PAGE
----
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Ancient skull from China may rewrite the origins of our species

Posted on 14 Nov 2017 in Human Origins, Journalism

The origins of our species might need a rethink. An analysis of an ancient skull from China suggests it is eerily similar to the earliest known fossils of our species –found in Morocco, some 10,000 kilometres to the west. The skull hints that modern humans aren’t solely descended from African ancestors, as is generally thought. Image: Sheela Athreya

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The mass extinction that might never have happened

Posted on 19 Oct 2017 in Earth Science, Featured, Journalism

Should the “big five” really be the “big four”? For decades, we have recognised five devastating mass extinctions that punctuate the last half-billion years of evolution. But now two geologists are controversially arguing that the end-Triassic extinction has no place on that list. Image: Sparkle Motion

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We’ve drawn iconic sail-wearing Dimetrodon wrong for 100 years

Posted on 13 Oct 2017 in Earth Science, Featured, Journalism, Palaeontology

Dimetrodon, one of the most recognisable of the pre-dinosaur predators, is due a makeover. For more than a century, it has been depicted as a sluggish, belly-dragging beast with sprawling legs – but it might actually have held its legs in a more upright position and kept its stomach off the ground as it walked. Image: puuikibeach

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Exploding stars could have kick-started our ancestors’ evolution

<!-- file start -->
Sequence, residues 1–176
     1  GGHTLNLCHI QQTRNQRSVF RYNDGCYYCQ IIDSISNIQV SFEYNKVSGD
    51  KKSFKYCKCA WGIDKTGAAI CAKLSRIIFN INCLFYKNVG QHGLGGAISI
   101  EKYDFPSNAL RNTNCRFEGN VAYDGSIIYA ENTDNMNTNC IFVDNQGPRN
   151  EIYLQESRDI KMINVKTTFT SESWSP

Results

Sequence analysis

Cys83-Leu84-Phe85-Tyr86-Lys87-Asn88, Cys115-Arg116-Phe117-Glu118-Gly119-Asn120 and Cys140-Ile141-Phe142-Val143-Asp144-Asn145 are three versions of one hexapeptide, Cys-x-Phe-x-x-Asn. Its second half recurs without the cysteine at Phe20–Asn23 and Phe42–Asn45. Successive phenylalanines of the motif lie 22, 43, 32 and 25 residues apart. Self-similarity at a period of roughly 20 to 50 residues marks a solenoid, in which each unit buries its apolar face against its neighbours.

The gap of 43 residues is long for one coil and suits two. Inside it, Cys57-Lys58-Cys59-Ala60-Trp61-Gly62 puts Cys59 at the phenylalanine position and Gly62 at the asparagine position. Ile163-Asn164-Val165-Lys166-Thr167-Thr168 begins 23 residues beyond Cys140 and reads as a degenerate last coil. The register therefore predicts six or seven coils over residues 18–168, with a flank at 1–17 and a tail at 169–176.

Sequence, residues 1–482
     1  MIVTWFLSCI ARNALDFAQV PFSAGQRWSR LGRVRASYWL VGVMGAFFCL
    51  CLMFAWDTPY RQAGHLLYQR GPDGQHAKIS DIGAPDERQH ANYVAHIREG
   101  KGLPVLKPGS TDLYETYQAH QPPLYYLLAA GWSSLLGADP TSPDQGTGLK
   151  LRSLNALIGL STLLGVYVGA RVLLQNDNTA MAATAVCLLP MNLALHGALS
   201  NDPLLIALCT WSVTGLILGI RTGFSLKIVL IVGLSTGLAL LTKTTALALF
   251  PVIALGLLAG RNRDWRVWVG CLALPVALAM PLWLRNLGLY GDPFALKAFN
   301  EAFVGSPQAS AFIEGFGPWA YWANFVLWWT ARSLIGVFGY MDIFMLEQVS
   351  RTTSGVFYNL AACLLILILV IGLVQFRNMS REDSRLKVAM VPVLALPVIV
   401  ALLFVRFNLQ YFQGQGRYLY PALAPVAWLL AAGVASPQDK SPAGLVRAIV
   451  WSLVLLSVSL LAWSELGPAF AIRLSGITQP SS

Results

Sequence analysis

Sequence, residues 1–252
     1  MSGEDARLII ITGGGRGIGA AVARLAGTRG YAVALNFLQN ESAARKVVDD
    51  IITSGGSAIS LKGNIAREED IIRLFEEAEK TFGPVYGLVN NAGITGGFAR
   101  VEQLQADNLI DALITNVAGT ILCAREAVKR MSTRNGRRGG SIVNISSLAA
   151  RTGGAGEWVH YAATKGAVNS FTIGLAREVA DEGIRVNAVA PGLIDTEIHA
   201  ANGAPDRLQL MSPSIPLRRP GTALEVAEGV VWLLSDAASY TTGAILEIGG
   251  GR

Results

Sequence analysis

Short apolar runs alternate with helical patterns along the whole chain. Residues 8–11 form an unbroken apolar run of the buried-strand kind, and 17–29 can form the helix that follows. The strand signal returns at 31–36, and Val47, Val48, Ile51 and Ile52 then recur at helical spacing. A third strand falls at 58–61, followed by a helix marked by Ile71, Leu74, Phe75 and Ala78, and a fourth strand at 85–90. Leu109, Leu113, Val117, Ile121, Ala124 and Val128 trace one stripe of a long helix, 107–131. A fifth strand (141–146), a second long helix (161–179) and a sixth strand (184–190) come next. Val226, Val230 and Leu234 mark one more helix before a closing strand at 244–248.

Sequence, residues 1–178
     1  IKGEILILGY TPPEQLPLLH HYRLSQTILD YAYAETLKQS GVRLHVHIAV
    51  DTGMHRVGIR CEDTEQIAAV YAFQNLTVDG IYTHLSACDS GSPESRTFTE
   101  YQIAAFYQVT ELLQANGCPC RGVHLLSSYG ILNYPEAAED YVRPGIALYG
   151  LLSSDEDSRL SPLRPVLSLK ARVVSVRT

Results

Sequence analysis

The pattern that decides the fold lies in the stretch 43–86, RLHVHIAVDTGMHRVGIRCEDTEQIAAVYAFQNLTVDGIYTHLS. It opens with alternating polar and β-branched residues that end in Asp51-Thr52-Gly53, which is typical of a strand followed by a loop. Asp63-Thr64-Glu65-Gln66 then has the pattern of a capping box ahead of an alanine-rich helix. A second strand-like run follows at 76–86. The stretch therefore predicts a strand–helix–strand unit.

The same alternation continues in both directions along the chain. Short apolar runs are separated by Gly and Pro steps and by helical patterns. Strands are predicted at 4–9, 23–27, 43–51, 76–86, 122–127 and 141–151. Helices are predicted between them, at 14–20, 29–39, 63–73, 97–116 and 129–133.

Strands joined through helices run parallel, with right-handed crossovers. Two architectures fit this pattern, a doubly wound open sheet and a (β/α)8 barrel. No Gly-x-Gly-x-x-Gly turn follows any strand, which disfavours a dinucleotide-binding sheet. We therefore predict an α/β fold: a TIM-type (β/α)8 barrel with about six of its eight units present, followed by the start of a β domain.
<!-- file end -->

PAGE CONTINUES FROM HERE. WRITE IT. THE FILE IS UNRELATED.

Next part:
Posted on 9 Oct 2017 in Environment, Featured, Human Origins, Journalism

Was the rise of humankind written in the stars? A nearby star exploding 8 million years ago might have triggered more frequent lightning on Earth. Wildfires ignited by that lightning could help explain the rise of east African savannahs – which many researchers think provided a vital backdrop for the early evolution of hominins. Image: USFWS/Southeast

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Early farmers may have polluted the sea 4000 years ago

Posted on 4 Oct 2017 in Archaeology, Journalism

Humans have been polluting the environment for at least 4000 years. So say scientists who have analysed sediment from the South China Sea – but not everyone is convinced. Image: Pai Shih

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Ancient ‘sea woodlice’ had surprisingly complicated guts

Posted on 28 Sep 2017 in Earth Science, Journalism, Palaeontology

A rare glimpse inside a 510-million-year-old digestive system suggests feeding was a complicated business for the first arthropods. Even this early in animal evolution, some animals had a variety of structures in their gut for storing and processing food. Image: James St. John

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